Seth Abramson+ Your Authors @SethAbramson Attorney. @Newsweek columnist. Proof of Corruption (preorder: & NYT bestsellers Proof of Conspiracy ( & Proof of Collusion. Sep. 20, 2019 3 min read + Your Authors


1/ This is impeachable. Every Democrat holding public office in the United States needs to immediately say that this is impeachable. There should be no dithering about whether this is impeachable. It's impeachable. America still has rule of law. Everyone must be on the same page.

2/ Given this breaking news, the president violated his oath of office. The president abused his power. The president sought emoluments from a foreign power. The president sought illegal foreign campaign donations. The president is guilty of bribery. *All* of this is impeachable.

3/ Any Democratic politician who hems or haws in response to today's breaking news and suggests that the actions described would *not*, if proven true, be impeachable on at least five grounds is not a politician who believes in or is willing to support the rule of law in America.

4/ Trump has already begun his rhetorical assault on America to fradulently defend his criminal and impeachable actions as morally defensible and diplomatically routine. If Democrats don't begin speaking of the rule of law in reality-based terms immediately, they've already lost.

5/ Intent is established by Trump's ABC interview. Giuliani admitted his role. Trump won't deny *any* of the reports. Of *course* all the material and testimonial evidence must be gathered and put forward, but *as reported* (yes even for a POTUS) this is criminal and impeachable.

6/ Understand too that with national security, the standard of proof is preponderance of the evidence. So of the 5 criminal/constitutionally cognizable violations here, not all even formally require proof beyond a reasonable doubt at an impeachment, and *none* in practical terms.

7/ There is enormous confusion being sown right now by Republicans and even some analysts who speak of the notion that Trump has broad latitude to negotiate foreign policy. He certainly does! And that latitude ends the second the conduct is illegal and someone blows the whistle.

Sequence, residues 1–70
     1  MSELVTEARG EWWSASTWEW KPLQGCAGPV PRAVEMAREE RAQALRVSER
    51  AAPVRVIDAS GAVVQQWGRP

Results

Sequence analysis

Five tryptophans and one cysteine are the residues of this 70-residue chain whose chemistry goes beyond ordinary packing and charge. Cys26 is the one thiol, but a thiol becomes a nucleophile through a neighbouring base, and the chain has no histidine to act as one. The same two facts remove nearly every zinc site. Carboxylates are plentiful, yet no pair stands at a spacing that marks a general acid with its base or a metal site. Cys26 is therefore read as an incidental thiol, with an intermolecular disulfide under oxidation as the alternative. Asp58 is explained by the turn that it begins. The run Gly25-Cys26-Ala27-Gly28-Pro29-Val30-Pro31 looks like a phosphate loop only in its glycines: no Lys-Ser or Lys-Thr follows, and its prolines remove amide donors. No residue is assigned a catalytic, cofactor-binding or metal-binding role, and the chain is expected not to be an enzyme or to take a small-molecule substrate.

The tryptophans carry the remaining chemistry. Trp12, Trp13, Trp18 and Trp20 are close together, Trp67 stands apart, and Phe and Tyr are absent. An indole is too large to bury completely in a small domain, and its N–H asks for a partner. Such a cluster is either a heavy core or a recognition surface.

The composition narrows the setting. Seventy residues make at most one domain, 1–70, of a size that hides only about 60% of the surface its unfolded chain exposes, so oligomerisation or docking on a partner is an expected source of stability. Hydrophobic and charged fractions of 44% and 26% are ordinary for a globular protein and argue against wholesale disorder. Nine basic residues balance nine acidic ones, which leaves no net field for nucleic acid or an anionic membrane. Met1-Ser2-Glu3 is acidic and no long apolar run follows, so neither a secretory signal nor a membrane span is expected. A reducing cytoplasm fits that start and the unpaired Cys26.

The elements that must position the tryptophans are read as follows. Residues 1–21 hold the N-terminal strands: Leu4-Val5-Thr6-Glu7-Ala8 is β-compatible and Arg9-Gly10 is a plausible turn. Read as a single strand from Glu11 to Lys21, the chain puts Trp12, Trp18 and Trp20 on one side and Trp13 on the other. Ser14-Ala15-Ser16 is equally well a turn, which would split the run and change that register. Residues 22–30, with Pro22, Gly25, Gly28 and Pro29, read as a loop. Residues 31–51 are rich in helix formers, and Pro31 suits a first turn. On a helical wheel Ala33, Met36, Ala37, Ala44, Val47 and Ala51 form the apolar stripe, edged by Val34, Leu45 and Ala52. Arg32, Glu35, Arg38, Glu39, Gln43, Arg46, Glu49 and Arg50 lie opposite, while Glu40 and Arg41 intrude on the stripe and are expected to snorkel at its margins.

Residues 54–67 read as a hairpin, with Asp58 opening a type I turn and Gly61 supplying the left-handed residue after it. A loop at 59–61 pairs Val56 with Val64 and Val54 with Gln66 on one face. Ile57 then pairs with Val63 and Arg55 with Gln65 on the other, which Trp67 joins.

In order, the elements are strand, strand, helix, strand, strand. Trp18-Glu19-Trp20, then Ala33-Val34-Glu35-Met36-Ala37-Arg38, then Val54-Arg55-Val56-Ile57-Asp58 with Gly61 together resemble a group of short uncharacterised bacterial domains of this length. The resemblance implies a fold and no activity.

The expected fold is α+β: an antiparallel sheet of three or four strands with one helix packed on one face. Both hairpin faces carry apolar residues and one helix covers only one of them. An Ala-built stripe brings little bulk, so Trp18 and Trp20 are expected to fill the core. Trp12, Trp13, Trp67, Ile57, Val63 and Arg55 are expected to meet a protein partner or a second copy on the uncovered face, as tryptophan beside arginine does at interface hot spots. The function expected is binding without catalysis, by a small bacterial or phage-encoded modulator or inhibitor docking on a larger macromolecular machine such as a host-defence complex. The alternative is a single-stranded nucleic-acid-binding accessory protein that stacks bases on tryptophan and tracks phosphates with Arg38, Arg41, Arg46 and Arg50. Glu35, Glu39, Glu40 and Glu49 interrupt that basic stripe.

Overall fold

8/ Our government is a government of checks and balances. You're not accurately describing a function of our government (*any* function) if you're merely discussing the power of a given government actor while excluding from the *same equation* the established check on that power.

9/ Just so, there must always be a clear delineation between legal analyses of the president's conduct and political analyses. Just because you don't think the Democrats will accuse Trump of impeachable bribery as opposed to an abuse of power *doesn't* mean bribery didn't occur.

10/ Trump has a long history of tampering with state and federal witnesses, including paying them off if he can. Here's Trump paying off Ukraine's president (as days ago he wouldn't give him *any* money, now suddenly he'll give him an extra $140 million):

11/ Any rider added to the 50%+ extra cash (e.g., that Ukraine's president would stand by Trump as he faces investigation of his conversations with Ukraine) was likely communicated by Giuliani, not formal channels. Rudy is above the law, as he knows Trump would always pardon him.

12/ And now, to blow our collective minds, consider this: if Barr was responsible for Trump getting *any* information about the whistleblower complaint he wasn't supposed to have, and it led to Trump paying off Ukraine's president when he did, Barr could be part of a conspiracy.

13/ Trump has already—stupidly—publicly claimed to have had conversations with people about the whistleblower complaint, when it's not clear how federal statutes would allow him to get that info before Congress. The answer appears to be that DOJ facilitated a statutory violation.

14/ If any statutory violation facilitated Trump beginning his obstruction and cover-up far earlier than he ever would've been able to do otherwise, you have a conspiracy that goes beyond Trump and Giuliani and now ensnares other government officials, including possibly AG Barr.

15/ We've still *no answer whatsoever* as to why the Acting DNI, a former Navy SEAL, went outside the statutory chain of command to discuss the whistleblower's complaint with DOJ's Office of Legal Counsel after his own Inspector General told him to send the complaint to Congress.

You can follow @SethAbramson.


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